â€˜Good God,â€™ muttered Augustin. Linen cloths, naked bodies, overnight stays; standard fare for a Greek mystery initiation, a worst nightmare come true for a homophobic Christian fundamentalist.
â€˜You can see why it generated such controversy,â€™ said Kostas. â€˜But, like I say, itâ€™s nothing but a malicious forgery. It canâ€™t possibly have anything to do with this ancient site of yours.â€™
â€˜Maybe not,â€™ admitted Augustin. But what if Peterson didnâ€™t realize that?
Farooq ran between cars and leapt up onto the causeway wall in time to glimpse Knoxâ€™s dark slim shadow beneath the surface, before he lost him in the sunâ€™s reflection and the opaque churned water, so that he could only trace his progress through the diminishing trail of released bubbles. He aimed down, waiting tensely for Knox to resurface.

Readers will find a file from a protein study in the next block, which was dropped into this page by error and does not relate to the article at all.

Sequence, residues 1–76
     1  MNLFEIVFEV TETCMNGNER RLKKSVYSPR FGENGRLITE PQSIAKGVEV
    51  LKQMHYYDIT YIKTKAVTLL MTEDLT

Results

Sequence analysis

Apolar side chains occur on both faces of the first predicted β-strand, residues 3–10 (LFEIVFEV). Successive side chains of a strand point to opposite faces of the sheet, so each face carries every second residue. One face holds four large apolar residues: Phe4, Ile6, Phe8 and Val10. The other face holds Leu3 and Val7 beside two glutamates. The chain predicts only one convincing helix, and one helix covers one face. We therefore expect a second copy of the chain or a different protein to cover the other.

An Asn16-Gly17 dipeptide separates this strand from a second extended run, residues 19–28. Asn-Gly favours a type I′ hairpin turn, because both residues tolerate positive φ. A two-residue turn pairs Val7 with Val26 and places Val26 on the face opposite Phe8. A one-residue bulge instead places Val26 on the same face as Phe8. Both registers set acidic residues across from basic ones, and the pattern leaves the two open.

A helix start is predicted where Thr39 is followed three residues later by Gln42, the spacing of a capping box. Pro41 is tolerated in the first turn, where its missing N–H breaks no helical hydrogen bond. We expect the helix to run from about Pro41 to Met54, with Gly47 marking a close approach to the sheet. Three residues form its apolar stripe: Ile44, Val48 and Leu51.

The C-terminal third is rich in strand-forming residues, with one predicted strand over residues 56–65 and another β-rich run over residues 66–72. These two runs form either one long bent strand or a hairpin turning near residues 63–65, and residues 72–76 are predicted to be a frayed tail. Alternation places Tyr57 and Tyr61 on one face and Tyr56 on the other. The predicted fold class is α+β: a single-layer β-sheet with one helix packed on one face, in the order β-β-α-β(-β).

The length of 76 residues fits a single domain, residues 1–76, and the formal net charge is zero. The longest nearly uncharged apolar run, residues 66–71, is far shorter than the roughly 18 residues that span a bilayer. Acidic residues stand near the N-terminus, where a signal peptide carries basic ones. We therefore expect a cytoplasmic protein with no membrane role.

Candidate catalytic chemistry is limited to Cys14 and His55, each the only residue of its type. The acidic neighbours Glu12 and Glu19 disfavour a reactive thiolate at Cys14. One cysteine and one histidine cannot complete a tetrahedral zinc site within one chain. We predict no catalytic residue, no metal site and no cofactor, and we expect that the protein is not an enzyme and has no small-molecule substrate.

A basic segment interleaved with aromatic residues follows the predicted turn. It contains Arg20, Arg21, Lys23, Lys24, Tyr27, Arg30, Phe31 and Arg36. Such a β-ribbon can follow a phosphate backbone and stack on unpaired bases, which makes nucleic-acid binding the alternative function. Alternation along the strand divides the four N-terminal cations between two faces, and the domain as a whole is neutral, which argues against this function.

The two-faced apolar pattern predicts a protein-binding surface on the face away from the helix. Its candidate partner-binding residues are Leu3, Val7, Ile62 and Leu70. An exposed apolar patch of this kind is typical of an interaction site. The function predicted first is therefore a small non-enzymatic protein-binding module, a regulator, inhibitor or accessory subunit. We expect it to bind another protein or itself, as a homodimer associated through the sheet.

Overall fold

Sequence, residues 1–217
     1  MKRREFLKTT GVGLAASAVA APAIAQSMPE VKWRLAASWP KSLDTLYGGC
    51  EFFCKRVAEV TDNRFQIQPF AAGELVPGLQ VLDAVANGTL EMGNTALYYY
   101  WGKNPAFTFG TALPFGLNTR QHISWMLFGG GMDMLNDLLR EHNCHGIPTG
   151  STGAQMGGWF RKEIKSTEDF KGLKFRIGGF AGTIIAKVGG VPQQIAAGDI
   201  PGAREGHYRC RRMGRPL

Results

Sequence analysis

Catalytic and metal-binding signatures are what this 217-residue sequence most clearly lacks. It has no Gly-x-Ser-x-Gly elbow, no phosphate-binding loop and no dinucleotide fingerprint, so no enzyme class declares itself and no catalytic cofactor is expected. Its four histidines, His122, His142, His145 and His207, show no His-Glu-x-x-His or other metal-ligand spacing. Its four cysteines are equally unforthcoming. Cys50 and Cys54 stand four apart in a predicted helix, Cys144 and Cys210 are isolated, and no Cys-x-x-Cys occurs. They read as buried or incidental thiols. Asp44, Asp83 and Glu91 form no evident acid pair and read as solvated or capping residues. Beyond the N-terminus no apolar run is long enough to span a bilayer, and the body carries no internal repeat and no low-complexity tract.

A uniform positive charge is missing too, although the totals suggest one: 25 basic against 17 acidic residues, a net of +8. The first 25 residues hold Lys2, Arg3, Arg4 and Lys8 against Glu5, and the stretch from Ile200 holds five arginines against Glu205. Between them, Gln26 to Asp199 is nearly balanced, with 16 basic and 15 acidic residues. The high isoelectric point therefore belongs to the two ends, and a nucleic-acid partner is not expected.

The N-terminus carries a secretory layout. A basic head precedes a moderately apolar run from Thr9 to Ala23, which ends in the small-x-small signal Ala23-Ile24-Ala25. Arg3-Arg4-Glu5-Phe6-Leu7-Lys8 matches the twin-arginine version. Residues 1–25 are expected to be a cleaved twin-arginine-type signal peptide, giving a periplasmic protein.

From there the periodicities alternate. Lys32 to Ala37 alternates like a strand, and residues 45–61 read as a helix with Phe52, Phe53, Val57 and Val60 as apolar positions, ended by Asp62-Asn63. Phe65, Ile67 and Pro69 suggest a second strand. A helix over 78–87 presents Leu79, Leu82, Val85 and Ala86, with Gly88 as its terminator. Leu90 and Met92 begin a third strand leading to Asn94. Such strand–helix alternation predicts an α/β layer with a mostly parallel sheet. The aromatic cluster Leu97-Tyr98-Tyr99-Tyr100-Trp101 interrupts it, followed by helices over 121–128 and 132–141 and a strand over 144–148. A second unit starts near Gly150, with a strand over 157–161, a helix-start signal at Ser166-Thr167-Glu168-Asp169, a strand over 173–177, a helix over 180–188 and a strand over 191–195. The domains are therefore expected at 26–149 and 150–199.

â€˜What the hell was that about?â€™ asked Hosni, stepping up onto the wall beside him.
â€˜What did it look like?â€™
â€˜Something spooked him,â€™ said Hosni.
â€˜Nothing spooked him,â€™ snapped Farooq. â€˜He did a runner, thatâ€™s all.â€™
â€˜It was those two bikers. They put the fear of God in him.â€™ He glanced curiously at Farooq. â€˜You didnâ€™t spin him one of your gangster yarns, did you?â€™
â€˜You did!â€™ guffawed Hosni. â€˜You told him that Omar was connected! No wonder the poor guy fled!â€™
Farooq turned furiously on his colleague. â€˜Iâ€™ll only say this once. One word of that bullshit gets around, Iâ€™ll have your balls, understand?â€™
â€˜Yes, sir,â€™ said Hosni soberly.
â€˜Good.â€™ Traffic had stopped both sides of the causeway. Farooq felt eyes upon him, mutters, sniggers. His cheeks blazed. Heâ€™d never hear the end of this! He felt an exquisite need to take it out on someone, anyone. His finger itched on the trigger, but Knox was still underwater: the man had the lungs of a whale.
â€˜Look!â€™ cried Hosni, pointing out across the lake. â€˜There he is!â€™